Daily Archives: 25/06/2009

Champagne bubbles

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Whilst in Bahrain, after finishing the Society of NLP Master Practitioner course, I was taken to the 5 star Banyan Tree Restaurant and spa for a wonderful lunch, actually and afternoon snack, and as we drunk glasses of champagne, a question arose. What makes the bubbles in a glass of champagne?

Champagne Bubbles

Now I know that bubbles in a glass of champagne is due to the carbonation of a white wine, by adding bubbles, either by the fermentation of the wine, and adding extra yeast and sugar after the first fermentation has stopped thus starting another, or that carbon dioxide is added to the white wine as it is bottled and corked.

Once the bottle is opened, say at a table, the trapped carbon dioxide is release slowly, or in the case of the winners of the F1 races, rather quickly.


But why do the bubbles once the champagne has settled still come from the bottom of the glass?

Could it be that the weight of the champagne forces the bubbles out of the liquid? That would mean that the bubbles would be from the deepest part of the glass, but when looking at the glass above and below, that is not true. Also by tipping the glass so that there would be a lower part of the glass, the bubbles keep coming from the same place, in fact bubbles can be seen emanating from many parts of the glass.

Why don’t the champagne bubbles come from the deepest part of the glass?

Why are there many sources of bubbles? All emanating from their own unmoving source.

Is it because there is a flaw in the glass? Surely not every glass has a flaw?

I am confused. I need answers.

Please if you can answer, drop a comment below.

Rotary Club of Kingston upon Thames

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It was back at the start of the 1980’s that I was invited to join the evening Rotary Club of Peterborough in the UK, at that time being the youngest member. It was an experience that would stay with me ever since, the friendship, the support, being able to in my small way, contribute to the community both locally and internationally.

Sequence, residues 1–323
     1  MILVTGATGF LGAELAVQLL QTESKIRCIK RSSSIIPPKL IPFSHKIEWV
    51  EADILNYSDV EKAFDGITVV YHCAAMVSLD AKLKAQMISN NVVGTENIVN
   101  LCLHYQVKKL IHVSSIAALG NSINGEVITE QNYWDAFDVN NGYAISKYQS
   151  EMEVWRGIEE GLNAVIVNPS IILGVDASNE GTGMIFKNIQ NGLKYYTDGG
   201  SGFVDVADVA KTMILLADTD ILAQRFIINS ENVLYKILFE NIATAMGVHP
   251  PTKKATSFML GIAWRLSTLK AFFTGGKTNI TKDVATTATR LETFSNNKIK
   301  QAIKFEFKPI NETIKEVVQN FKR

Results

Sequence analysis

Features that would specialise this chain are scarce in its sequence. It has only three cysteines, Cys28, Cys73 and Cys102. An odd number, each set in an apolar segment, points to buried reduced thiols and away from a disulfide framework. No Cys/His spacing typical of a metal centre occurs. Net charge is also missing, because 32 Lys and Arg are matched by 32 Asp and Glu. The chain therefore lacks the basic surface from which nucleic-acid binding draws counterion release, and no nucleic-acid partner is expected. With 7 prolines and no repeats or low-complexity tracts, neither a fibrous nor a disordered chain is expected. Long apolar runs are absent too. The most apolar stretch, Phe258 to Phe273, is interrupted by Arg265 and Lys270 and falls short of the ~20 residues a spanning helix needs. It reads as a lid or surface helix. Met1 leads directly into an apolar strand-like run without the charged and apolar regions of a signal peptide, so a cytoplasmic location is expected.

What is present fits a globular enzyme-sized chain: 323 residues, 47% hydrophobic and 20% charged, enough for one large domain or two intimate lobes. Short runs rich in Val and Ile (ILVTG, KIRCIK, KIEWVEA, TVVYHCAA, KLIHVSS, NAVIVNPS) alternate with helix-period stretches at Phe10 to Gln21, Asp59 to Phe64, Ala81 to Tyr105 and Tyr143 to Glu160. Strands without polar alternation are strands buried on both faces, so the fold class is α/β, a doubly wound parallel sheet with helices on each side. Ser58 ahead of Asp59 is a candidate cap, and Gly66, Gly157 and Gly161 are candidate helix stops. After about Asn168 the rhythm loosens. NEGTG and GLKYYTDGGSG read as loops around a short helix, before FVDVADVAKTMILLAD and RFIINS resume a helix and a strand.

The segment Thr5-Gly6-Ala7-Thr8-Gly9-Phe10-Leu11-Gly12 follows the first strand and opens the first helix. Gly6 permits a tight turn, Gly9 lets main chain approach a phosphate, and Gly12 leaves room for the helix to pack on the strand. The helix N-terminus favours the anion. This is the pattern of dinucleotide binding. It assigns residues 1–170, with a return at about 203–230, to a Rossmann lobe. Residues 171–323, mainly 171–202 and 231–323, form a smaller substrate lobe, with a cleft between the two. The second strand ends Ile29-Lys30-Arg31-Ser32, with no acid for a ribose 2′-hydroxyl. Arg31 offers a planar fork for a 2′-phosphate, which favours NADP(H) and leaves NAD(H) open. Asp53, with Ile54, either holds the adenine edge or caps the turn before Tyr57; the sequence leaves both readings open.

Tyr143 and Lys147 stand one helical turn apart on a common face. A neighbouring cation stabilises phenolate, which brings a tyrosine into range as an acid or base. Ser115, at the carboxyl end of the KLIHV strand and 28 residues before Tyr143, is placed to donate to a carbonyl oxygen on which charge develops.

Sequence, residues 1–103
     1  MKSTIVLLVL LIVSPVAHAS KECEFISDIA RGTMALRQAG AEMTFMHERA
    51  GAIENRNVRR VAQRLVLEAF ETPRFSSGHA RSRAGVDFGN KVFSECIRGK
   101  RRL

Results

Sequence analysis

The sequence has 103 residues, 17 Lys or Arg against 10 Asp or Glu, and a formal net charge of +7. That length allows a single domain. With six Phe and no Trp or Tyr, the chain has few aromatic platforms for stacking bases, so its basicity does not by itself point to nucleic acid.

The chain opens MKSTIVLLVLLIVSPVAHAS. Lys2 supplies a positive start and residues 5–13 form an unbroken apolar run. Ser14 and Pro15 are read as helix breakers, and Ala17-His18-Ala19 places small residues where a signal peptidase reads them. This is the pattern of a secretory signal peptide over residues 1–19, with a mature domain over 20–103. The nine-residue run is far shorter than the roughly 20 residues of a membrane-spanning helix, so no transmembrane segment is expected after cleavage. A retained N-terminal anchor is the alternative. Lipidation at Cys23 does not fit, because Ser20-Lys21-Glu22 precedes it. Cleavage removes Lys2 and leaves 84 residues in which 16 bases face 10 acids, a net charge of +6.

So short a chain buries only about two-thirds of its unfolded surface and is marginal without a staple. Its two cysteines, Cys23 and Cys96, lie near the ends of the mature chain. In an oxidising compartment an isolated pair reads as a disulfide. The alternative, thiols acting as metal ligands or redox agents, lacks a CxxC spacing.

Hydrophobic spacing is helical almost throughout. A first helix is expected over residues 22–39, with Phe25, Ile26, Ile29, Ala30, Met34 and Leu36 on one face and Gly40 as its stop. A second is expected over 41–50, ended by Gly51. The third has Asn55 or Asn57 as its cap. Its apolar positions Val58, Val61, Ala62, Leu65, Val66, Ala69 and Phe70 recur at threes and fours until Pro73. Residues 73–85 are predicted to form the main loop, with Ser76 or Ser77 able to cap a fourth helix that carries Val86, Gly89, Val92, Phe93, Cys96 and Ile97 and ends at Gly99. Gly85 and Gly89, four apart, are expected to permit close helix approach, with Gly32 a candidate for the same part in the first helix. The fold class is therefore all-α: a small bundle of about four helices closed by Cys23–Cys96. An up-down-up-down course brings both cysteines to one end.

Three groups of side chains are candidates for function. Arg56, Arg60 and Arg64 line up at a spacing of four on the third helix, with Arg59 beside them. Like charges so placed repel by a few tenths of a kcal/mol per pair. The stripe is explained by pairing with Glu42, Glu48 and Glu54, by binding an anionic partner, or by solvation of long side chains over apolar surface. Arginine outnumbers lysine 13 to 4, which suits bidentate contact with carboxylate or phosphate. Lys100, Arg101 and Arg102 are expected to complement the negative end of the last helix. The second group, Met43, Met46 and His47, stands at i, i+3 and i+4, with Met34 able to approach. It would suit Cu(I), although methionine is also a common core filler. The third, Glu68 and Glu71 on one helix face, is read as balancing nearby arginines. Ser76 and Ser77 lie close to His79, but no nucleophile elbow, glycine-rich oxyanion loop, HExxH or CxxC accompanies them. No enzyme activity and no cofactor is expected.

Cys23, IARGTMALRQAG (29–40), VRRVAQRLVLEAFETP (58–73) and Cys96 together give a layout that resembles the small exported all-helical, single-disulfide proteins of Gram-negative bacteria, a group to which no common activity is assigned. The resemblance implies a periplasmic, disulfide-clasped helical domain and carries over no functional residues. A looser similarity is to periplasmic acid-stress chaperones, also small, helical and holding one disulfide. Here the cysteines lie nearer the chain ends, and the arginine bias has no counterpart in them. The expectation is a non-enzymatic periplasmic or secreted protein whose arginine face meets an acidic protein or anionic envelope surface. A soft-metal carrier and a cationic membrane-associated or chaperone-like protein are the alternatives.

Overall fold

My membership was short lived, as I had finished my task of computerising the toy manufacturer Peter Pan Playthings, and was offered the opportunity to work with Texas Instruments distributor in Saudi Arabia, as Software Manager, looking after customers who had purchased a TI computer, creating solutions to their individual needs. It was a job which would see me in Saudi Arabia for over five years.

Unfortunately, Rotary Club, and any such organisation was banned in The Kingdom of Saudi Arabia, as was amateur radio (ham radio call sign G8YJQ) and other such hobbies or pastimes.

It was recently, that I became aware once again of Rotary, and in conversation with a member of the Kingston upon Thames Rotary Club, was invited to attend their meetings, and as time went on was invited to join once again.

Today was my induction into the Rotary Club at the Thursday lunch time meeting.

Although my work as a trainer, presenter, coach, takes me to many countries, being away from the UK, I am sure I can contribute to the club, to fellow Rotary members both in the Kingston Rotary Club and with members worldwide, including Malaysia.

A new chapter opens in my life, which I am looking forward to with eager anticipation.

Phillip Holt's Induction into Kingston Rotary Club wearing SHH

Wearing with pride the SHH and the Rotary Club Badges
after being inducted into the Rotary Club of Kingston upon Thames
by the Club President Peter Thompson

Oh, to Richard Bacon of the BBC‘s Radio Five Live late night show, and his Special Half Hour club (SHH), I can now wear with pride both badges.

Previous SHH Entries
Even more on the Special Half Hour Club of BBC Radio 5 Live
Special Half Hour, Radio 5 Live
More on the Special Half Hour badge of Radio Five Live
All Entries